On the banks of the Neva River’s northernmost curve, the wooden skeleton of a great frigate is slowly taking shape. And just as it was nearly 300 years ago, the construction of the Shtandart (‘standard’) warship is being led by a charismatic, driven man, one whose love for the sea is something of an anomaly in this nation of landlubbers.
The similarities end there, however. The builder of the first Shtandart was — the reader will not be surprised to learn — Peter the Great, who commenced building Russia’s first warship upon his return from studying shipbuilding in Holland and England. The tsar had at his disposal 40 carpenters, 20 blacksmiths, 150 workers and 300 peasants with horses; the ship was completed within five months.
Petersburger Vladimir Martus, on the other hand, is building a reconstruction of the famed ship mostly through volunteer labor, donated materials, and the strength of his own monomaniacal zeal for the project. Nearly two years after the keel of the ship was laid, the Shtandart is coming together slowly but surely, the pace of work ebbing and flowing according to irregular donations of money and materials to the project.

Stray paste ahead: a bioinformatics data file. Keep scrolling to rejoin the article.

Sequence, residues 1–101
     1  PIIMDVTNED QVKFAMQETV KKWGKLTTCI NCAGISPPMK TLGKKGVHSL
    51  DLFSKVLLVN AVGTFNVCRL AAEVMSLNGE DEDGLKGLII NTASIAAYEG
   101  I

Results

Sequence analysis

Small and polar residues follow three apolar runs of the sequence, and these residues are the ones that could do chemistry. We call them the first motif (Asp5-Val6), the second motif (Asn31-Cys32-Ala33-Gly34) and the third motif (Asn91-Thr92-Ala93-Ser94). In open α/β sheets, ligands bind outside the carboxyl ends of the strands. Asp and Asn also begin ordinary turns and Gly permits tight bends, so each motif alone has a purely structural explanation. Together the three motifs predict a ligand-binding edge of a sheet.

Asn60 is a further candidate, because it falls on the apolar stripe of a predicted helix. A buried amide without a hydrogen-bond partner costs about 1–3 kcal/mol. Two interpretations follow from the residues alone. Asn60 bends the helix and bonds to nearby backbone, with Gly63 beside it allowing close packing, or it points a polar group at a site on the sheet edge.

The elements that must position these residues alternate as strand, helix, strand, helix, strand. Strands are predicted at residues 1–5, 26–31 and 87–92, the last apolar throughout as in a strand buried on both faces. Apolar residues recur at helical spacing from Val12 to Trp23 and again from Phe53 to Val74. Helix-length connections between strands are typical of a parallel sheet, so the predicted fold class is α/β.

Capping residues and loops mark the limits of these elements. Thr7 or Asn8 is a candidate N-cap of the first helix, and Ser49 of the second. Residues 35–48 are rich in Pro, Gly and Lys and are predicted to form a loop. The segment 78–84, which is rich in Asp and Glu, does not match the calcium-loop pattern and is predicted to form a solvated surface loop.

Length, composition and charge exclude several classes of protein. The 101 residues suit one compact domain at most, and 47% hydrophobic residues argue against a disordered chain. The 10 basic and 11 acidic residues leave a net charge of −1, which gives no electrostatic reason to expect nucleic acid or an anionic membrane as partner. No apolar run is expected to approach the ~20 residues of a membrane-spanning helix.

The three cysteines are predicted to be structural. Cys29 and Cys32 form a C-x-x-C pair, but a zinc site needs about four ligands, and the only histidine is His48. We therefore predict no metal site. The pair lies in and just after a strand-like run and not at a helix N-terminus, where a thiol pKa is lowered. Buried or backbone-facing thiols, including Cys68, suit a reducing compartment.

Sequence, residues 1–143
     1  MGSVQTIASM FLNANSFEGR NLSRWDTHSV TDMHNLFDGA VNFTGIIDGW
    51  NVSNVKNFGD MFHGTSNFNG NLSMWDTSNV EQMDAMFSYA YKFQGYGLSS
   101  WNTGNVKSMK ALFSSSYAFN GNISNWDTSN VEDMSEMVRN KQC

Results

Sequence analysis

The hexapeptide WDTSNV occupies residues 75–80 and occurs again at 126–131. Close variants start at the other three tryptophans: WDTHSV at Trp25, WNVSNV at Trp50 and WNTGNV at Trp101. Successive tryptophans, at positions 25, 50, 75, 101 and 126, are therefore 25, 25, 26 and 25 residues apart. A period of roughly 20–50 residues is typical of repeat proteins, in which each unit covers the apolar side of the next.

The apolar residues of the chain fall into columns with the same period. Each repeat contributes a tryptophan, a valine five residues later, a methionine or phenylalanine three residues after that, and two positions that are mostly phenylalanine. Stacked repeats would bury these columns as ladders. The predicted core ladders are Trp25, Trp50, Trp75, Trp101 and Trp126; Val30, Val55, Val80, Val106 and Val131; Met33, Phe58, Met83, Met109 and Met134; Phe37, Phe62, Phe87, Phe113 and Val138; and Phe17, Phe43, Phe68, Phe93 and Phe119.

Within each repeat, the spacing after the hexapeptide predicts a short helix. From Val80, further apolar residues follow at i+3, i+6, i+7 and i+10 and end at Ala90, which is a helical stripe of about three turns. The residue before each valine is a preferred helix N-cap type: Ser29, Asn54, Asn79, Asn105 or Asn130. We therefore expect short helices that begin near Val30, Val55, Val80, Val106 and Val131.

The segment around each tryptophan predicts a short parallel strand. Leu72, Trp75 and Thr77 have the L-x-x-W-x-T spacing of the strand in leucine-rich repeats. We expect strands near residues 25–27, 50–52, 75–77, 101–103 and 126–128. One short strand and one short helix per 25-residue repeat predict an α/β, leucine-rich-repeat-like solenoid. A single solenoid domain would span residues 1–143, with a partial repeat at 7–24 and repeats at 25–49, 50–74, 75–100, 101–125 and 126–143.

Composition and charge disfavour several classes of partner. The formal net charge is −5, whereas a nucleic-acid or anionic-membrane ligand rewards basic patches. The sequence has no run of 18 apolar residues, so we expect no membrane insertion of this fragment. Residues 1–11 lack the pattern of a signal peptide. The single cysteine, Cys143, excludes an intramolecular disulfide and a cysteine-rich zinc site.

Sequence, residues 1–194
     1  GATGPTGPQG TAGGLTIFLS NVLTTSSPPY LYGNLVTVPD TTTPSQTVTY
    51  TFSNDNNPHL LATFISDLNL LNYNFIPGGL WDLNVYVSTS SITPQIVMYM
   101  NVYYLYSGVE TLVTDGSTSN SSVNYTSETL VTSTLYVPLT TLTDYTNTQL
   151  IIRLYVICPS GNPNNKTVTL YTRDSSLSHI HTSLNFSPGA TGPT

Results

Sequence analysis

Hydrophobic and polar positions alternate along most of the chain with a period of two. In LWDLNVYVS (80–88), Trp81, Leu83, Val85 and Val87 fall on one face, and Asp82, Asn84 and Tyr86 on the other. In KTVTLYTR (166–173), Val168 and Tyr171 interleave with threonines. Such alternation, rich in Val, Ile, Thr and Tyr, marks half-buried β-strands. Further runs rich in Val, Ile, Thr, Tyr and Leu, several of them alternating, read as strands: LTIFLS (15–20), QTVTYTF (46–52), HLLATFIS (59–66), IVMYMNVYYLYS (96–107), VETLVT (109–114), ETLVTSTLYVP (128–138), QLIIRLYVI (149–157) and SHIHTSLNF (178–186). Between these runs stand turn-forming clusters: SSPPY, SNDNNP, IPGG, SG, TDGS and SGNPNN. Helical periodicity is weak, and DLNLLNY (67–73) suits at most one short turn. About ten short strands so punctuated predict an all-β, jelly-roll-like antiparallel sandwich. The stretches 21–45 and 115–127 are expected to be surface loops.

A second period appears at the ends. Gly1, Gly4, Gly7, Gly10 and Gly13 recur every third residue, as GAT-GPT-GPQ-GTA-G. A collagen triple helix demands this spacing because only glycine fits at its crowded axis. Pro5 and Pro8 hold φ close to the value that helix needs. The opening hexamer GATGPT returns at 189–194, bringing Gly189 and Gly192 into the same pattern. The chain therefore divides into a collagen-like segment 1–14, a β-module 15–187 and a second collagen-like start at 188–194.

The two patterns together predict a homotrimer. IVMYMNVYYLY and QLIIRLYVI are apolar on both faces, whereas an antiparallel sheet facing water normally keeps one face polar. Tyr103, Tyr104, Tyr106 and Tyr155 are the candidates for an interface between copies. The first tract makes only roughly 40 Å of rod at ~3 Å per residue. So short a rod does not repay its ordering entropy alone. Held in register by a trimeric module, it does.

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Russian Life is a publication of a 30-year-young, award-winning publishing house that creates a bimonthly magazine, books, maps, and other products for Russophiles the world over.
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